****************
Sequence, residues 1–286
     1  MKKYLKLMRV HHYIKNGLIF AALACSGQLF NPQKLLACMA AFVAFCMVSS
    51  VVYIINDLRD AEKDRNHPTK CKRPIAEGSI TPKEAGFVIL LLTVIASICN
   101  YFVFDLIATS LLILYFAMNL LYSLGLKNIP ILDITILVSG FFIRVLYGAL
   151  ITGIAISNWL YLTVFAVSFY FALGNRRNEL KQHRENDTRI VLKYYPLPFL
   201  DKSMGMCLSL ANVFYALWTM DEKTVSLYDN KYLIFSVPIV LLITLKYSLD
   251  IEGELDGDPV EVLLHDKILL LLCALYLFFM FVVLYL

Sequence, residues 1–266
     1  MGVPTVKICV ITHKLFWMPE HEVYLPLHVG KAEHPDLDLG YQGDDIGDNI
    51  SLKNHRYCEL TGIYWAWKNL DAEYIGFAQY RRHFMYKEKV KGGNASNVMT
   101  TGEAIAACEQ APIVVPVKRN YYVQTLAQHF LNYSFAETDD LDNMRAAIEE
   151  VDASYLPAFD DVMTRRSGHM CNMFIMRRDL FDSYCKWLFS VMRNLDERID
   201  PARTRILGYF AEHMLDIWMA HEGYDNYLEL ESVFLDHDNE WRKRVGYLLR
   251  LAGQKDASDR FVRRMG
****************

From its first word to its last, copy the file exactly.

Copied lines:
Sequence, residues 1–286
     1  MKKYLKLMRV HHYIKNGLIF AALACSGQLF NPQKLLACMA AFVAFCMVSS
    51  VVYIINDLRD AEKDRNHPTK CKRPIAEGSI TPKEAGFVIL LLTVIASICN
   101  YFVFDLIATS LLILYFAMNL LYSLGLKNIP ILDITILVSG FFIRVLYGAL
   151  ITGIAISNWL YLTVFAVSFY FALGNRRNEL KQHRENDTRI VLKYYPLPFL
   201  DKSMGMCLSL ANVFYALWTM DEKTVSLYDN KYLIFSVPIV LLITLKYSLD
   251  IEGELDGDPV EVLLHDKILL LLCALYLFFM FVVLYL

Sequence, residues 1–266
     1  MGVPTVKICV ITHKLFWMPE HEVYLPLHVG KAEHPDLDLG YQGDDIGDNI
    51  SLKNHRYCEL TGIYWAWKNL DAEYIGFAQY RRHFMYKEKV KGGNASNVMT
   101  TGEAIAACEQ APIVVPVKRN YYVQTLAQHF LNYSFAETDD LDNMRAAIEE
   151  VDASYLPAFD DVMTRRSGHM CNMFIMRRDL FDSYCKWLFS VMRNLDERID
   201  PARTRILGYF AEHMLDIWMA HEGYDNYLEL ESVFLDHDNE WRKRVGYLLR
   251  LAGQKDASDR FVRRMG